In Hooker v. Trusted Life Care, Inc., a Superior Court judge held that an employer can be contractually liable for rescinding an accepted offer of at-will employment. This decision is particularly noteworthy because courts rarely find employers liable for discharging an at-will employee because at-will employment does not cover a specified term, and thus there can be no damages. Since it makes little sense for an individual to have greater contractual protection prior to starting work than once employed, courts typically have found no grounds for breach of contract claims when employers renege on accepted offers of at-will employment. The plaintiff in Hooker took a different tack, and the Court concurred.
Leslie Hooker accepted a written offer of at-will employment from Trusted Life Care, Inc. (TLC) on March 4, 2005, to start work on June 6, 2005. In the interim, Hooker hurt her back and delayed her start date until June 13, 2005. On June 10, 2005, however, TLC informed her that it had decided not to hire her after all. Hooker sued TLC, alleging that TLC breached the accepted employment offer by terminating her before she started working. TLC responded that because Hooker had accepted an offer of at-will employment, it was free to discharge her at any time, which no doubt would include before she began her employment.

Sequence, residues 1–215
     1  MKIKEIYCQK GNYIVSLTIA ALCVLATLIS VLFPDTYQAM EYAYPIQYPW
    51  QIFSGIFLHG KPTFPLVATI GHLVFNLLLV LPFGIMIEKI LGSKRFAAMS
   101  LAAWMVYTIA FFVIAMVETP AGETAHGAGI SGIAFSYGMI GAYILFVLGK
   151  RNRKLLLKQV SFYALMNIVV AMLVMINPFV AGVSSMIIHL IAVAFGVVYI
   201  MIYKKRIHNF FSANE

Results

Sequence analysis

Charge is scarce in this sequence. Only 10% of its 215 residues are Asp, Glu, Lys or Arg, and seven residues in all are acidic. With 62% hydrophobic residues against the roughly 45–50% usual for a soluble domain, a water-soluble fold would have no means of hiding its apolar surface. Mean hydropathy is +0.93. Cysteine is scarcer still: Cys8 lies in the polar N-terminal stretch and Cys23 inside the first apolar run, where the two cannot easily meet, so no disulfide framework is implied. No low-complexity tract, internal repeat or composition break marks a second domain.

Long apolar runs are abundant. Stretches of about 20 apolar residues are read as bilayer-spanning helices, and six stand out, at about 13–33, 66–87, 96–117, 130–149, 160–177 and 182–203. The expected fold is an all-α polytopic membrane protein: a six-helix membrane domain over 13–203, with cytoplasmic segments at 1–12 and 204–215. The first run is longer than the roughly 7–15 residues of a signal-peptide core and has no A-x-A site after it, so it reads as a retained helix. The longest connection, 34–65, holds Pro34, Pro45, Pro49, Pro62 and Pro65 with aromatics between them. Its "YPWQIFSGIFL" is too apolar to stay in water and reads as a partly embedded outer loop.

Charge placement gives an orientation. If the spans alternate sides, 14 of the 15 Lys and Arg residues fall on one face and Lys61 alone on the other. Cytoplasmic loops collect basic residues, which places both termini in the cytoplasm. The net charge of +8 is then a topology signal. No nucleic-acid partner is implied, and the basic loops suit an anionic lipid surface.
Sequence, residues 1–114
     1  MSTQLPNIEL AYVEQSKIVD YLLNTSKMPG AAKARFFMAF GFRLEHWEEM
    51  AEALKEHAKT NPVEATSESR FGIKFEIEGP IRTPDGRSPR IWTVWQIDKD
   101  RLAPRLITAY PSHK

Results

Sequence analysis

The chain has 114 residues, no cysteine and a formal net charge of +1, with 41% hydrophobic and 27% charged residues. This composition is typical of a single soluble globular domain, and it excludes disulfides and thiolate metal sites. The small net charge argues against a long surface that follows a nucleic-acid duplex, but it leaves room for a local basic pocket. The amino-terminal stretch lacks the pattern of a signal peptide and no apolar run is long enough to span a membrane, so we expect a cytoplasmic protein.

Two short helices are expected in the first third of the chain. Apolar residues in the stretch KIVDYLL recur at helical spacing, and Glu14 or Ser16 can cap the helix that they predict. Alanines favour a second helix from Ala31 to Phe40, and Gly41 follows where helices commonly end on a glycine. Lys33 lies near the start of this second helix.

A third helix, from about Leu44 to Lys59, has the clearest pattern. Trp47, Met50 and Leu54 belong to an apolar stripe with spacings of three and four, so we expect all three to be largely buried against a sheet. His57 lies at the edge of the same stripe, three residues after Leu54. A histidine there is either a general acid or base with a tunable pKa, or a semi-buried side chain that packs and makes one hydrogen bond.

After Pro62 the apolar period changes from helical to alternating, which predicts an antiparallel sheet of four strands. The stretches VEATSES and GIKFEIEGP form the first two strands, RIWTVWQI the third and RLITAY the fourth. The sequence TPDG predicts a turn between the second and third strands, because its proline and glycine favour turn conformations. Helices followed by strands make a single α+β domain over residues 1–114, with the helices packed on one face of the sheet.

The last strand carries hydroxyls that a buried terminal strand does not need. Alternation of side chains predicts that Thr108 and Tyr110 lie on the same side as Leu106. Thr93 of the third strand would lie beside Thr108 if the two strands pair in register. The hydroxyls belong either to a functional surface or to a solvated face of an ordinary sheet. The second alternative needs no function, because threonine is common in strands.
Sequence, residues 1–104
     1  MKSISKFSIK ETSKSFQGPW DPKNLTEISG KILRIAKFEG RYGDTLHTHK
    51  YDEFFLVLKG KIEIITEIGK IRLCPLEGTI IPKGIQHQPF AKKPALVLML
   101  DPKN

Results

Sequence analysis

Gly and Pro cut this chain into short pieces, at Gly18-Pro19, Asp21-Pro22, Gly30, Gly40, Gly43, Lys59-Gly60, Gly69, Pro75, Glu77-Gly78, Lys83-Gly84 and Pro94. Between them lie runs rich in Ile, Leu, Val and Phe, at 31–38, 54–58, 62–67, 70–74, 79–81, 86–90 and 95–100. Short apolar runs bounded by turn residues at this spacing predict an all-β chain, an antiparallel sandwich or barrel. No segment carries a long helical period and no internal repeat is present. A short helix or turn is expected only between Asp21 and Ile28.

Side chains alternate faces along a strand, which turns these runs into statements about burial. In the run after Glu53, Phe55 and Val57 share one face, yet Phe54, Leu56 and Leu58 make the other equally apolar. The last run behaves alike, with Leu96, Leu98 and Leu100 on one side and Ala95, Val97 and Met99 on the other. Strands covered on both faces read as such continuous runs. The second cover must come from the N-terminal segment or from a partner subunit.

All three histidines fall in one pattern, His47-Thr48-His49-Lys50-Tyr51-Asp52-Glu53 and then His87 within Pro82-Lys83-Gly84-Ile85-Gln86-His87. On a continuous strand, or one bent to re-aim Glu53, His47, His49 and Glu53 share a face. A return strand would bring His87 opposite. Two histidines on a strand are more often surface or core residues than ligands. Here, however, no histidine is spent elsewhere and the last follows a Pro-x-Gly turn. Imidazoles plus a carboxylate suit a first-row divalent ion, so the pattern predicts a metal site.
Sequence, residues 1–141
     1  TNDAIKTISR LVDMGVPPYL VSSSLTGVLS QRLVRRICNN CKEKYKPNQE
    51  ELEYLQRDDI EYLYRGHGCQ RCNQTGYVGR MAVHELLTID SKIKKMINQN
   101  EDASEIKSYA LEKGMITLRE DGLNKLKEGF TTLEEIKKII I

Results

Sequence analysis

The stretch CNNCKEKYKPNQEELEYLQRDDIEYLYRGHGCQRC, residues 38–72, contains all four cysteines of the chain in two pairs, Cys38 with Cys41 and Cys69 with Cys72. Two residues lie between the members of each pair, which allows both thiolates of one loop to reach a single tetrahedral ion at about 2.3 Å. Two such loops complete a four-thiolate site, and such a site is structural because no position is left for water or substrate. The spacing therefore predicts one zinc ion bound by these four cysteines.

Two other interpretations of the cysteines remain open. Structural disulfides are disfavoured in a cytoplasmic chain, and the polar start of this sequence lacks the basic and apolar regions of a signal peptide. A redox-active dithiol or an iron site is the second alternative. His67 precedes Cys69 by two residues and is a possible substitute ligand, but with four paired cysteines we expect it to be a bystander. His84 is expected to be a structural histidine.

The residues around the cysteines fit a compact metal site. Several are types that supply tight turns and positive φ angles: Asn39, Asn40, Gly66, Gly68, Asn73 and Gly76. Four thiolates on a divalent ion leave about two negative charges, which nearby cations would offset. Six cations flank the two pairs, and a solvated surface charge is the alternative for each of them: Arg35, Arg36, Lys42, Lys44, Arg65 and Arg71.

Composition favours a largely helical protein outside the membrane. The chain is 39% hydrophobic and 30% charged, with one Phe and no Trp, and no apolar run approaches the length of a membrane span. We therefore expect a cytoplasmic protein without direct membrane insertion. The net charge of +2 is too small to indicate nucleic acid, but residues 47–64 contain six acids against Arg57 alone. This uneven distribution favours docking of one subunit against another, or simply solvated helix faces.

The Court agreed with Hooker and ruled that an employer who retracts an offer for at-will employment before the employee starts work may be liable to the employee for breach of contract. It reasoned that the accepted offer constituted not a “promise” for employment, as TLC contended, but rather a contractual obligation to let Hooker begin employment in exchange for her agreement to report to work. The accepted offer thus created a distinct obligation on TLC to let Hooker begin working. According to the Court, “[t]he fact that her employment, once commenced, would be governed by the rules of at-will employment has no effect on the binding nature of the [other] obligations contained within the offer agreement.”
This case serves as a cautionary tale that is particularly salient in the current economic climate in which employers might be tempted to rescind employment offers or delay start dates. In light of the Hooker decision, employers should review their offer letters and consider inserting language reserving the right to revoke an offer at any time before employment begins.